I was riding my Fell Pony mare Lily yesterday when suddenly her head came up, her ears went forward, and she started weaving her head side to side and suggesting she might want to turn and run. I spoke to her reassuringly and stroked her neck while keeping her pointed forward, and eventually she calmed enough that I could dismount safely. I led her towards the object of her concern, and she quickly determined it wasn’t worth being concerned about.
This experience brought to mind a discussion I read last month about the senses of the horse. The general theme was that eyesight is their least accurate sense, and Lily’s head-weaving was an example of her trying to get a fix on what she was seeing. She wasn’t able to get satisfaction until after I dismounted and we approached slowly. Where I used to live there was a particular boulder along the road on the way to the mailbox that had two circular patterns in it. Two different ponies that I rode repeatedly past that boulder were convinced that rock was a monster. I can’t really blame them since it did seem to have eyes, but no matter how often we stopped and I kicked that boulder to indicate it wasn’t a concern, these ponies gave anxious sideways glances whenever we passed.
The discussion I read about the senses of the horse got me thinking about how we as people communicate with our equines. In particular, how do we communicate reassurance? It had never occurred to me to use their sense of touch to communicate reassurance. I regularly give affection via their sense of touch by scratching ponies in itchy places. But that wasn’t even obvious to me for a number of years. My first three ponies weren’t interested in hugs or scratches at all. Now after a dozen years I still don’t know if or where two of them like to be scratched. Lily falls in this category, too.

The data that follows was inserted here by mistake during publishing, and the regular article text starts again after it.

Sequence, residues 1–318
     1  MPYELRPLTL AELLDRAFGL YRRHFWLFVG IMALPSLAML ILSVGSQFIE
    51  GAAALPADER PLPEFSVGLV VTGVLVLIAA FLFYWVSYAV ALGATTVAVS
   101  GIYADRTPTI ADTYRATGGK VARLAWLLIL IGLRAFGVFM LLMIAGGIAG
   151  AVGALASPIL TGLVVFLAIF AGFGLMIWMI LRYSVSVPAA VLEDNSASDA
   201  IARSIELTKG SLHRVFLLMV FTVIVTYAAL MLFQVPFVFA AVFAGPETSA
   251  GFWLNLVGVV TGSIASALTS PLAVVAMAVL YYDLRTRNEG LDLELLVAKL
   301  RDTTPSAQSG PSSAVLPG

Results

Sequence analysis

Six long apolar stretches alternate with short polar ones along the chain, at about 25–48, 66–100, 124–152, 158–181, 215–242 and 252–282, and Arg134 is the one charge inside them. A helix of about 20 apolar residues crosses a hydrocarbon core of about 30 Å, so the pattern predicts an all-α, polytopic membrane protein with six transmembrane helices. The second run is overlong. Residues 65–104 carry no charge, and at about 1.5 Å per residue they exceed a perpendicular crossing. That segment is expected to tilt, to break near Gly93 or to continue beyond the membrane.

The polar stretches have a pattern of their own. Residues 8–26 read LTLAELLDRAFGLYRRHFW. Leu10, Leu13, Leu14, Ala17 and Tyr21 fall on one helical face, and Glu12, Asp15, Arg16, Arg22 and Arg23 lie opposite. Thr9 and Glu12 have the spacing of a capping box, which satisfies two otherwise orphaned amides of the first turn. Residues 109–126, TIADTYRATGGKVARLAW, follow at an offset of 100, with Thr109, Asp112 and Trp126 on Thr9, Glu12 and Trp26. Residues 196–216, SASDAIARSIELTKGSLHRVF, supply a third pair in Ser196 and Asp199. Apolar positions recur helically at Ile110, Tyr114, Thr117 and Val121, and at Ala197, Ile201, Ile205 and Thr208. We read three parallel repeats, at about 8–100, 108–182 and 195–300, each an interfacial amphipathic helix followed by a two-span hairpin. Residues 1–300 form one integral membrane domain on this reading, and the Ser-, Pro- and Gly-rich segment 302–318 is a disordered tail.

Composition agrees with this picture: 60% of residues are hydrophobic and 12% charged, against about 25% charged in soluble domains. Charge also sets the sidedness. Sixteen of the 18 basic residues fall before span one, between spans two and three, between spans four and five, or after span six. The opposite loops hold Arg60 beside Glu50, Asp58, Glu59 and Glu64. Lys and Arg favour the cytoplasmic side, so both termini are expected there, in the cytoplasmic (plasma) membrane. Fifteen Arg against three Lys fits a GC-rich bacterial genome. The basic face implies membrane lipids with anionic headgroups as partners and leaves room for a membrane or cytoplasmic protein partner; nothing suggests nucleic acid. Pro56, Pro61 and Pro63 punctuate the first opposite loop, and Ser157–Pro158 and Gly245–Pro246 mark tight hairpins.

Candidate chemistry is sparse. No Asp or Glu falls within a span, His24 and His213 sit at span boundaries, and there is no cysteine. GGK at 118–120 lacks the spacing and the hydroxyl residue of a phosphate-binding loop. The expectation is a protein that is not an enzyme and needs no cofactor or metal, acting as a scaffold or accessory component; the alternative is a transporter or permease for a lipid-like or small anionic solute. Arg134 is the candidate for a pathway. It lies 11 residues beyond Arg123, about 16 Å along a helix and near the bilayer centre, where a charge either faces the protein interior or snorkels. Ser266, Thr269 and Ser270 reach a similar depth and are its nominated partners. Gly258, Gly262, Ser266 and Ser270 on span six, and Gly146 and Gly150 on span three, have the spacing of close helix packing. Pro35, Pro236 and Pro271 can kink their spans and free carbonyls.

I learned that foals like to be scratched on their chests and shoulders and withers and rumps, but it took a veterinarian to show me about adults. I had a mare who was hospitalized, and when I visited her, the vet showed me where the mare enjoyed being scratched. It was a revelation to me; I’d had her for four years and had never figured that out.
Going beyond affection, though, I’ve been pondering recently how much it’s possible to communicate reassurance through making contact via the sense of touch. Yesterday when Lily got concerned, it was an opportunity for me to put this idea to the test. I did more today when we rode again. Parelli Natural Horsemanship includes a game called ‘Friendly’ that is about, in part, confidence-building and the sense of touch. I have always approached it from a desensitization perspective, but now I’m looking at it anew, as a tool for reassurance.
When I work in harness, I’m aware that my presence on the lines means something to my ponies. When someone else takes the lines, my ponies are not the same as they are with me. I had never thought about it as reassurance, but I suppose it is.
Like with the vet in the hospital, I feel like the discussion I read last month was a revelation: making contact is about more than affection or direction. It can also include reassurance. I appreciated the opportunity Lily gave me yesterday to explore this new-to-me idea.